CHILVote: The design and assessment of an accessible audio voting system
Piner, Gillian E.
Byrne, Michael D.
Doctor of Philosophy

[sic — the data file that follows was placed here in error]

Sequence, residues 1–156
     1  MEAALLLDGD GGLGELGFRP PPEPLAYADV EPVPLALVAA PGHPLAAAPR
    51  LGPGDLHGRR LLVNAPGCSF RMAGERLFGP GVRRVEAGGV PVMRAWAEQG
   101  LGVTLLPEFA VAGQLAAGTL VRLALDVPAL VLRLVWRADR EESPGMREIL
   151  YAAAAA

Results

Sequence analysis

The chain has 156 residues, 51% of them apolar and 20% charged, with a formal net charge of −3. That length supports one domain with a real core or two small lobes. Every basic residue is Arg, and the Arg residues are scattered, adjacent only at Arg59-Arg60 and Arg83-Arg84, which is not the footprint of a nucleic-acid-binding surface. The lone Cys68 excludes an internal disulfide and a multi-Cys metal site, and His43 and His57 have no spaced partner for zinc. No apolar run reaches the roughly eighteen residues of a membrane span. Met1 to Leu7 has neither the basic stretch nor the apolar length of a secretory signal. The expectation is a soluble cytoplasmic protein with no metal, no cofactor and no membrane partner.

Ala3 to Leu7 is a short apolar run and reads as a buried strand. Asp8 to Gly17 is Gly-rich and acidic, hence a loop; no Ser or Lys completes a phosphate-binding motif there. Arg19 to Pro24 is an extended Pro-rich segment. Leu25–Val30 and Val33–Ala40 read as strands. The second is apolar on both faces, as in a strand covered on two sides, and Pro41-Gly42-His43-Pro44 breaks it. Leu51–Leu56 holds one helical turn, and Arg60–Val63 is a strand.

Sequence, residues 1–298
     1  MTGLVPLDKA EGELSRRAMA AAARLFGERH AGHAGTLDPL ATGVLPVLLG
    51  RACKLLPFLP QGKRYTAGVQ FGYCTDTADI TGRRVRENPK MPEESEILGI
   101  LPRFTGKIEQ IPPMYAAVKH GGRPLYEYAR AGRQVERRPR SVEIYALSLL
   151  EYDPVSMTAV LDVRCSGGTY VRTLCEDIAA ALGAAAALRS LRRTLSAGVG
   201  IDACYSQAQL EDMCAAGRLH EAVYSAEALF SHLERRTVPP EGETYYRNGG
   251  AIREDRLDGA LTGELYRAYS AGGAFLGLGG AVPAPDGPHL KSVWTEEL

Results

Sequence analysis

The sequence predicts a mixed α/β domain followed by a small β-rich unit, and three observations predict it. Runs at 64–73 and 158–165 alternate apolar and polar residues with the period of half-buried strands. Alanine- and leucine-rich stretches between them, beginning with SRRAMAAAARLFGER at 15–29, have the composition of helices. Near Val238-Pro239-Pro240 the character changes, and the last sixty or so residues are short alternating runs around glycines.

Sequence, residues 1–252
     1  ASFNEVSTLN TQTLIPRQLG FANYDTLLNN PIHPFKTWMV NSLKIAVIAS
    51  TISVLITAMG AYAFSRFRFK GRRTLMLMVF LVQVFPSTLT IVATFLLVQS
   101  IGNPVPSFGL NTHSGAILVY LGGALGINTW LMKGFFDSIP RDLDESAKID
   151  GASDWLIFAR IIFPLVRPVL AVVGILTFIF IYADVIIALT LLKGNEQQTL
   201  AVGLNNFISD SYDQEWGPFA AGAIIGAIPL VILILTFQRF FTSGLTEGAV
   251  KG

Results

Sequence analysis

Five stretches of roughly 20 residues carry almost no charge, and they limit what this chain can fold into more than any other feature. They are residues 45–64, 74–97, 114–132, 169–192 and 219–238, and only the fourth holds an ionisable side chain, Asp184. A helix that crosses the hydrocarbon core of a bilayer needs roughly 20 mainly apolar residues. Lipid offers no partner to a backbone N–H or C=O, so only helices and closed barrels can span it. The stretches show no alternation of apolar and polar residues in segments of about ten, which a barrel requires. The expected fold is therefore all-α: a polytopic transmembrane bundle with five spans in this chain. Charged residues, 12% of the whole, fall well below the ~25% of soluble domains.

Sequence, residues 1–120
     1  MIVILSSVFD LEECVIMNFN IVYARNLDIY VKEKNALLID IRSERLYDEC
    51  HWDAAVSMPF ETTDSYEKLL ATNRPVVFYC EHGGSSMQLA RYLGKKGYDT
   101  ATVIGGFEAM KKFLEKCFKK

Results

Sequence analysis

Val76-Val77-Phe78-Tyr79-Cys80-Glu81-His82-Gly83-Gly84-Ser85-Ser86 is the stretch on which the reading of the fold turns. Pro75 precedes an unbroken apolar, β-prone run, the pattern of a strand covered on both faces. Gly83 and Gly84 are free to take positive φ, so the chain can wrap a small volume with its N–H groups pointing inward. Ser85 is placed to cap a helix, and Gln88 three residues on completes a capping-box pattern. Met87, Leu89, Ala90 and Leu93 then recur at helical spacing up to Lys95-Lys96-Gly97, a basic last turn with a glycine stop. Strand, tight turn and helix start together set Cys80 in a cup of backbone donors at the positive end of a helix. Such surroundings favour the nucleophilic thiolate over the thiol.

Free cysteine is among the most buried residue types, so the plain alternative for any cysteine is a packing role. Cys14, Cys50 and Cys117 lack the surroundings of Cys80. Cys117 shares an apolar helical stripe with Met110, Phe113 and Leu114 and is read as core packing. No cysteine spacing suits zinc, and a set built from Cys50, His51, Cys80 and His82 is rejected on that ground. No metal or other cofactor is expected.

The Help America Vote Act, passed into law in 2002, mandated that all polling places provide privacy and independence to all voters. Given this, many jurisdictions have been forced into making a choice between providing traditional voting methods (such as paper ballots) and offering newer electronic voting systems. Electronic voting machines have been seen as the solution to many usability and accessibility problems, but very little literature exists to indicate whether this is the case among speciﬁc populations such as disabled, elderly, and non-English speaking voters. An audio accessible voting interface for visually disabled voters (CHILVote) was designed using speciﬁcations from both the Voluntary Voting System Guidelines and a largescale survey of blind individuals conducted by Piner and Byrne [in proceedings of The Human Factors and Ergonomics Society 55th Annual Meeting, pp. 1686-1690 (2011)]. CHILVote’s interface utilizes the given design guidelines and includes use of a male text-to-speech voice, a ﬂexible navigation structure, adjustable speed and volume, and an optional review section. Relatively low error rates (M=1.7%) and high SUS scores (M=89.5) among blind subjects are consistent with previous ﬁndings. Error rates and satisfaction are not signiﬁcantly different than those of sighted voters using both paper and DRE, and blind voters using a non-electronic interface. CHILVote signiﬁcantly reduced the time it takes for blind subjects to vote, from 25.2 minutes (VotePAD) to 17.1 minutes (CHILVote). This is an improvement, but still over 2.5 times slower than sighted subjects voting on an identical ballot. The integration of accessibility into mainstream technology often has beneﬁts beyond allowing more of the population access to a system. This research provides a comparison point and guidelines for future studies of accessibility solutions.